We’ve all seen a cyclist like Chris Bucchere. You know the type: dressed in faux Lance Armstrong spandex, displaying contemptuous disregard for everyone else on the road. Bucchere, a San Francisco computer geek, is America’s first cyclist convicted of vehicular homicide, after he blew through three lights, a crosswalk, and an elderly San Bruno man whom he maimed in front of his wife.
Bucchere then went to an online forum of fellow we-own-the-road bicycle weenies, and typed up pretty much the same kind of contempt for his victim. What did he learn from the incident? That he should always wear a helmet, or he might get hurt. After being told how bad that looked, he went back and added a lame: “hope he ends up OK.” He didn’t; he lingered for four days and died. Bucchere, hoist by his own heartless post, his own reckless riding, and offered a tempting plea deal, pled guilty to vehicular homicide and will be sentenced — the prosecution is asking only for probation — in August.
A cyclist has pleaded guilty to vehicular manslaughter after running down a 71-year-old pedestrian in what San Francisco’s top prosecutor said appeared to be the first conviction of its kind in the US.
Under the unusual plea deal last week, Chris Bucchere, 37, would not serve any jail time but would be sentenced to three years probation and 1,000 hours of community service….
Bucchere, a software engineer from San Francisco had been riding recklessly and had run three red lights when he struck Hui as he and his wife crossed a street in the Castro district of San Francisco on 29 March 2012, prosecutors said.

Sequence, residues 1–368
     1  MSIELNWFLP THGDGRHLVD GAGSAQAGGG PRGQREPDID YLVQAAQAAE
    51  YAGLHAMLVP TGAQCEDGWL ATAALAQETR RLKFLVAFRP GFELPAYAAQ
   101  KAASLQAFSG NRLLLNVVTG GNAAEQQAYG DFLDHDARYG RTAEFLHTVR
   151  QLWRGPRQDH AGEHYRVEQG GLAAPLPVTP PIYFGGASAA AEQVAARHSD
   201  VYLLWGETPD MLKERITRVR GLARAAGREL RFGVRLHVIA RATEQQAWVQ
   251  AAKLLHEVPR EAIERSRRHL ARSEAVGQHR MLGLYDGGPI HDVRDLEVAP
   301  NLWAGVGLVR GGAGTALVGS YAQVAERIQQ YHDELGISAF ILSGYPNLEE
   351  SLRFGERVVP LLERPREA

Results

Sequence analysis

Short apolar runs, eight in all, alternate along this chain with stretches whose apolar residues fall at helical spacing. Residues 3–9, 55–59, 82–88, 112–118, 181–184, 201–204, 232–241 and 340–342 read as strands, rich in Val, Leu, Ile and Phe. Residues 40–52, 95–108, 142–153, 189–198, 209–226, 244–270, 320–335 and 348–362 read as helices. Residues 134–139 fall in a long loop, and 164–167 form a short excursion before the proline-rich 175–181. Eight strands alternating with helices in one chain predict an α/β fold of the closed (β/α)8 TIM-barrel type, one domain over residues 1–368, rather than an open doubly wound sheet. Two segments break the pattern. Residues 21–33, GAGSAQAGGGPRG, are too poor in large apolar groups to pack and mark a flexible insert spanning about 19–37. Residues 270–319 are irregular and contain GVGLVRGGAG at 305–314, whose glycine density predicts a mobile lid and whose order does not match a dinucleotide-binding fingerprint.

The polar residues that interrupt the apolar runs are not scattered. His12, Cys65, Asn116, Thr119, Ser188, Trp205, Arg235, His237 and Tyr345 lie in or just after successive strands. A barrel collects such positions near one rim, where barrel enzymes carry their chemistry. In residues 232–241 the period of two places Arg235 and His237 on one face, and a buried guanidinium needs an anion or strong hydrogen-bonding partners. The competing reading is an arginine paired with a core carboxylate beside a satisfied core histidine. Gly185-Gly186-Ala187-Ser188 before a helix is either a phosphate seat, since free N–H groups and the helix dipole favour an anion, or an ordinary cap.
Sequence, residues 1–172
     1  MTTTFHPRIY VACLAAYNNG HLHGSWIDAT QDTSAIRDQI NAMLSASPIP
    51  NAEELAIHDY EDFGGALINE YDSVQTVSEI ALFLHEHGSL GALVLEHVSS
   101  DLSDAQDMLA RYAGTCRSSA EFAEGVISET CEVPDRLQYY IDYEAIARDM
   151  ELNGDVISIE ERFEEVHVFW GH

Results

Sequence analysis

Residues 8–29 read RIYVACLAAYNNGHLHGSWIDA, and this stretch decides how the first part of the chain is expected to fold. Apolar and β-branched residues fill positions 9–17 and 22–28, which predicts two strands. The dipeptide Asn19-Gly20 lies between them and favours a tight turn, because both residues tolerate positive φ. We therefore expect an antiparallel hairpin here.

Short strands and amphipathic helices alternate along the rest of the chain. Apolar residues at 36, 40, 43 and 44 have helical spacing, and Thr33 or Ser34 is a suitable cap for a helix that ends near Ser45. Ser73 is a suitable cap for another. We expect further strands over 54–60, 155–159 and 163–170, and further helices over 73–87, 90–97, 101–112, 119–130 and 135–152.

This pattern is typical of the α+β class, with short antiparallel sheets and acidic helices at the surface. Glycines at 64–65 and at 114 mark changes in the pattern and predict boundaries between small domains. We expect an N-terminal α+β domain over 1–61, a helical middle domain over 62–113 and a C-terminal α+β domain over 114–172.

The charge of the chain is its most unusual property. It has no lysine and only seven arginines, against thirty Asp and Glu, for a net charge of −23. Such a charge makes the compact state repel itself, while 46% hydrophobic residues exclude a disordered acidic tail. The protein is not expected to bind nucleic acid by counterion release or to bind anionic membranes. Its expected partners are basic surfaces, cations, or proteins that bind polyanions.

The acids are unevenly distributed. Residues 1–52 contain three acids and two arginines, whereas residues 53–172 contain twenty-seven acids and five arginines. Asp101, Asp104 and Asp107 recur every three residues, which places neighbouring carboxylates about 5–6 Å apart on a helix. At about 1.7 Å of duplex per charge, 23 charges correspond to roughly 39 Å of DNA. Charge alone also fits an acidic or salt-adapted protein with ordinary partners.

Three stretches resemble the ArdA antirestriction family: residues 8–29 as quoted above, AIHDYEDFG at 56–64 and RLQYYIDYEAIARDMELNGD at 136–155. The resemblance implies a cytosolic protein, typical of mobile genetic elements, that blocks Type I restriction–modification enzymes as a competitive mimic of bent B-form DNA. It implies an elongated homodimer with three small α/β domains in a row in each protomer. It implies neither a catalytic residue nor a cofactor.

Hui died four days later from his injuries.
Apart from the felony rap — which may yet be reduced to a misdemeanor by one of California’s weak-as-water judges — Buccere got off remarkably lightly, with probation and community service. (Given what we’ve seen of his character already, he’ll find some way to weasel out of that). He was going over 35 in a 25 zone, trying to beat his personal record for a commute to work, and made no effort to stop at stop signs or red lights, including the one he ran when he killed Hui. The prosecutors had him dead to rights via witnesses (including other bike riders), surveillance footage, and his own GPS.
A bicycle is a pleasant and fun way to travel, and done right, it’s healthy for everybody. We try to ride every day, in season. But some people who make a cult of it are a real problem. You can see both kinds of bike riders discussing this accident in this forum thread.
And human life is a remarkably fragile thing. The people who want to ban guns want to be safe, and they think (however mistakenly) that will do it. In fact, California has some ridiculously strict gun laws. What good did that do Sutchi Hui? None at all. Because California also has its share of self-centered, narcissistic and reckless bike riders. And since it also has incredibly permissive courts and prosecutors, neither that, nor the Golden State’s gun crime, have any prospect of changing.